You are a brand. What you put out as your persona creates perception from others of what you are to them, or, in other words your "perceived value". We choose friends that way, but more importantly for job seekers, companies seek the best employees by assessing your brand.
There is a real opportunity for us as ‘brands' to create disproportionate value against our competition. If you are young and just starting to realize who you are, here is what it takes to prevail in these finicky times where social networking can be your biggest blessing or your biggest curse.
Much like an organization is judged by its logo, its offices, and other physical manifestations, you are judged by your looks; just as an organization lives by a credo, or a mission you live by your morals and values; and just as an organization strategizes about the company they keep so too must you with the people you surround yourself with, or your "partners."
We may not like the idea that people "judge a book by its cover", but we all do this all the time. And, it is more simple today with social media. If you are out on a weekday wearing a Nike shirt and windbreaker pants it's safe to say what you represent. The sunglasses you're wearing will tell passerby's a lot about what you stand for, just as the watch on your wrist explains your taste. But in today's world, where we spend more time online creating pieces of information about what drives us, people are just as quick to judge you about your words than your appearance.
You are searchable. Yes on Google, but there are other tools that are much more personal these days. Of course owning domains that carry your name is a first step. From your blog, to your Google profile all the way to your Facebook page, consistency is a key to delineating yourself from any other John Smith out there. But it goes way beyond this. Education is the key to knowing what to publish and what not to publish. Today's younger generations are not yet aware this.
Mobile connectivity makes it hard for us not to post anything and everything online. As I've said before the Internet is an egomaniacal place, and we eat it up. "I'm frustrated with this", or "screw that" can help start a social movement. Or depending on how it's framed, it can make you look like an arrogant, pompous asshole. Remember that racial rant you had when you were a teenager on Facebook? It's still there. Remember when you wrote a blog about how awful your former girlfriend was and why females are less superior to men? Yup, still there.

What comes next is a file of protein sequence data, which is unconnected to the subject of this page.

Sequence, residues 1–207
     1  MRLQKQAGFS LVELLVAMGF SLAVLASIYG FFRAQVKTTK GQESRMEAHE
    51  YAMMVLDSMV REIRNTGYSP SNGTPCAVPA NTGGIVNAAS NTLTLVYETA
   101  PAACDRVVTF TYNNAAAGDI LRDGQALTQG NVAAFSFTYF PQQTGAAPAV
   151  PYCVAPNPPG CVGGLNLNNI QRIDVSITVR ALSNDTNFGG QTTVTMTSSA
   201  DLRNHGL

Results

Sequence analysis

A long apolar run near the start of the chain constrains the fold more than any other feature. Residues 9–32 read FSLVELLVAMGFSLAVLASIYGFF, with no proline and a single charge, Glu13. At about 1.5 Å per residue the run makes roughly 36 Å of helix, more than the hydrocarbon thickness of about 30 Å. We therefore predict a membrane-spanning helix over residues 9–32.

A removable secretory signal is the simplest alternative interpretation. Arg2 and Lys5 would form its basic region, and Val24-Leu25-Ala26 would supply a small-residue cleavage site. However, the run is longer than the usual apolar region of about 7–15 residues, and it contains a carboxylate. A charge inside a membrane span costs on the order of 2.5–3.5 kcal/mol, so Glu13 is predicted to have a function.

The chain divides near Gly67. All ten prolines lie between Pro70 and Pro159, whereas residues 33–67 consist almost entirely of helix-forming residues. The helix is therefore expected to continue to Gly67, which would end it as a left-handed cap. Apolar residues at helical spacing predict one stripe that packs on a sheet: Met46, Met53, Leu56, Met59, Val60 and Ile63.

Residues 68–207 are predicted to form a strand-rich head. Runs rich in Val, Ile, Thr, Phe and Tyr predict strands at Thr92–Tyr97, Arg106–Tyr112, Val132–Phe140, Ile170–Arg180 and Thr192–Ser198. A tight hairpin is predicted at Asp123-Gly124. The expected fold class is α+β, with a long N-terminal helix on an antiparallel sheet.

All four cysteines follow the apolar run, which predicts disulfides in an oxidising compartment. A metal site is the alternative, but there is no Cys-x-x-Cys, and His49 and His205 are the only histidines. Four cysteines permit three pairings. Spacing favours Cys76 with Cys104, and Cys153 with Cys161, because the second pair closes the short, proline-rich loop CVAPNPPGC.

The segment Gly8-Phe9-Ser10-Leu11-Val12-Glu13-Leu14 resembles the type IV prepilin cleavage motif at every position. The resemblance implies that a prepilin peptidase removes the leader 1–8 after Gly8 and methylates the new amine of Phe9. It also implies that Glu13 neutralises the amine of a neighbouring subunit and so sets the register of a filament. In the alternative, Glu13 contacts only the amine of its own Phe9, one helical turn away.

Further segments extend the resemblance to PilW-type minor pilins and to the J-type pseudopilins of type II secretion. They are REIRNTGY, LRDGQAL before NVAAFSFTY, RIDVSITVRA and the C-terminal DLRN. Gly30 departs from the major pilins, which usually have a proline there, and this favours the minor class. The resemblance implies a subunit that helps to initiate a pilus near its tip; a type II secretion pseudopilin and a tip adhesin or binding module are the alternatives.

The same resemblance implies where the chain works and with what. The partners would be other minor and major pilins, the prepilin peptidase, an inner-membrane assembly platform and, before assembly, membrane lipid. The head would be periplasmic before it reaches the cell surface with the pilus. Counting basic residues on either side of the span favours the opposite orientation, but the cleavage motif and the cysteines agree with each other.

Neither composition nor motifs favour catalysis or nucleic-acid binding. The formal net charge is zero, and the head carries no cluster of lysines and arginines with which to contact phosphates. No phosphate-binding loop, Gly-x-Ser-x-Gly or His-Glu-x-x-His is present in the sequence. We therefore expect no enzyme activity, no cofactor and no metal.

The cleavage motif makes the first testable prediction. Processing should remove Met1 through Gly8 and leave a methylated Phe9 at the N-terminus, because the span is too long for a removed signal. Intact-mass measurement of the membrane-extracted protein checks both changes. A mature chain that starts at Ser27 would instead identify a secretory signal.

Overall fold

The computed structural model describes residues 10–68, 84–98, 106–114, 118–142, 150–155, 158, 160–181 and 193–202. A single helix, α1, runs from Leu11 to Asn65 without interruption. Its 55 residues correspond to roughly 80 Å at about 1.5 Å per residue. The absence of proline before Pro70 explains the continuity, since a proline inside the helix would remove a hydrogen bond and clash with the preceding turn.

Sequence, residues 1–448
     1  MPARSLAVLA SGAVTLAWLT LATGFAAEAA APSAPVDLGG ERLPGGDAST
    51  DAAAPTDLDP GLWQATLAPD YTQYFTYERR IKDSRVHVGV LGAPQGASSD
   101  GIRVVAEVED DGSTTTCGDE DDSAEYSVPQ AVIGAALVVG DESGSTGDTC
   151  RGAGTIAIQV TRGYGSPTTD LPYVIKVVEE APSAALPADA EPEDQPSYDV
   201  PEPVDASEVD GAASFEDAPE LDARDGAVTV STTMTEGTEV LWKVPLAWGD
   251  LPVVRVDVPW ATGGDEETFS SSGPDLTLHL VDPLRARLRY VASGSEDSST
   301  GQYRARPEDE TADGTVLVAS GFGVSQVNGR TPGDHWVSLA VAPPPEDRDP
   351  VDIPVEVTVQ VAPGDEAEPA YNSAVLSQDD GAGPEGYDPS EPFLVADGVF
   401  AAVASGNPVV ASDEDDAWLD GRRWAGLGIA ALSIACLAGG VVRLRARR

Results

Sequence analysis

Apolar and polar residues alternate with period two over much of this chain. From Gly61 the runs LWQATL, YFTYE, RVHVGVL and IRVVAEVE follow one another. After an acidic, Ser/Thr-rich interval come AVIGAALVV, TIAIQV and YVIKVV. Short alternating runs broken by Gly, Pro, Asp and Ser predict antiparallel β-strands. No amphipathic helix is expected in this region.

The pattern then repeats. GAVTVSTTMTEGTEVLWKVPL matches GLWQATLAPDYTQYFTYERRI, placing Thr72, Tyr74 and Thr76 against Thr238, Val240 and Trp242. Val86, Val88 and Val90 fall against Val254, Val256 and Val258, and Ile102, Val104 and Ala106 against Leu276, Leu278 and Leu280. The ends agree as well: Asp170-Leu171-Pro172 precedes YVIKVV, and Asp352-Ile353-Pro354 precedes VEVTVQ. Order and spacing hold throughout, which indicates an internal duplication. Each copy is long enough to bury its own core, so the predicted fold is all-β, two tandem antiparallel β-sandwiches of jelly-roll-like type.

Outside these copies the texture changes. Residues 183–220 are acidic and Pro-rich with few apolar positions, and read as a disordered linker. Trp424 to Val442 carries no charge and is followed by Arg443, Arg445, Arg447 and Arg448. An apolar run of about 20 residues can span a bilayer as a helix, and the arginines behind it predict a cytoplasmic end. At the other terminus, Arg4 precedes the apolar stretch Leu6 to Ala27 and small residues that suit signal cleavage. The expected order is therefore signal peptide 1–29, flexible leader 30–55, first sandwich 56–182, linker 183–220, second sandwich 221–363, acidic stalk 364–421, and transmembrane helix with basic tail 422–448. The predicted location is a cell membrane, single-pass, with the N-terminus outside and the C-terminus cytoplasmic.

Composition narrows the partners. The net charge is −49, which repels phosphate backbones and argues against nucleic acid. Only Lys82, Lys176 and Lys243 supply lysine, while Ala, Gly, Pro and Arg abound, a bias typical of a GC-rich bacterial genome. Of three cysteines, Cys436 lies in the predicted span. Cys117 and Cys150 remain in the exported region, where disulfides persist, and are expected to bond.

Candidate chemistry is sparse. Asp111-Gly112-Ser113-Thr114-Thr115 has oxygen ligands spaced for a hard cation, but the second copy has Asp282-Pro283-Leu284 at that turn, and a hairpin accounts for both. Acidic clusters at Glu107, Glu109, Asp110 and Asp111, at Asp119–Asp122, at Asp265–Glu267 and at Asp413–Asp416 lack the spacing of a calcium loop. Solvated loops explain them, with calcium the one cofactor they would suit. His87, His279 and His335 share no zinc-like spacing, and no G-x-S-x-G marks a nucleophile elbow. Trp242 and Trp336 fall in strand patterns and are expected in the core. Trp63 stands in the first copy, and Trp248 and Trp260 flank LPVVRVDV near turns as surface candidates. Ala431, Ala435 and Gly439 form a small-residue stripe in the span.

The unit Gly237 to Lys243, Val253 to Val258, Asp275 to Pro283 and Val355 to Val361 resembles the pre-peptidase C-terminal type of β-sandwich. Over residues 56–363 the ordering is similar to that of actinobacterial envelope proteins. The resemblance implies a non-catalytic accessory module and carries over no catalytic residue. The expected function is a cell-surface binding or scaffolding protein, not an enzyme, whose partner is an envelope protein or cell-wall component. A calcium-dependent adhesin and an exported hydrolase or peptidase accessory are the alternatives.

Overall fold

My father, who beyond founding B&R is Clinical Professor & Executive Director for Corporate Reputation Management at Drexel University. In one of his courses he asks his students to analyze themselves as a brand and present themselves to the class, telling the class why they are different and more relevant to employers than others. Students find this very hard. but also really worthwhile. By seeing yourself as a brand, you are being realistic and also setting yourself up for success.
So, given the heavy use of social media by those under 35-years of age, here are 10 questions to think about when branding yourself online:
- If I publish something who will see it, not now, but later?
- Am I going to feel the same way about this in one year's time?
- Have I done a good enough job promoting my expertise, and not just showcasing opinion?
- Do I want to promote myself as much as I think I should or should I pump the breaks?
- Am I consistent with my messaging?
- Have I done a sufficient job searching myself online to know what's being said about me, or what I've said in the past?
- Do I have real value to add to a subject?
- Have I done my research on the topics I discuss?
- What types of photos are public and are they offensive?
- Have I quadruple checked my grammar?
There may be other questions and suggestions others have, and we'd love to hear them. What are some suggestions you have for people who are becoming aware of their personal brand?
Adam is the CEO & Managing Partner of ConvoNation.com, and a Senior Consultant & Partner at Brand and Reputation Management. He has extensive experience in digital strategy, reputation management, and communication planning. Adam has previously worked in global communications in both digital technology and healthcare at Hill & Knowlton and Euro RSCG, serving such clients as Hewlett-Packard, ...
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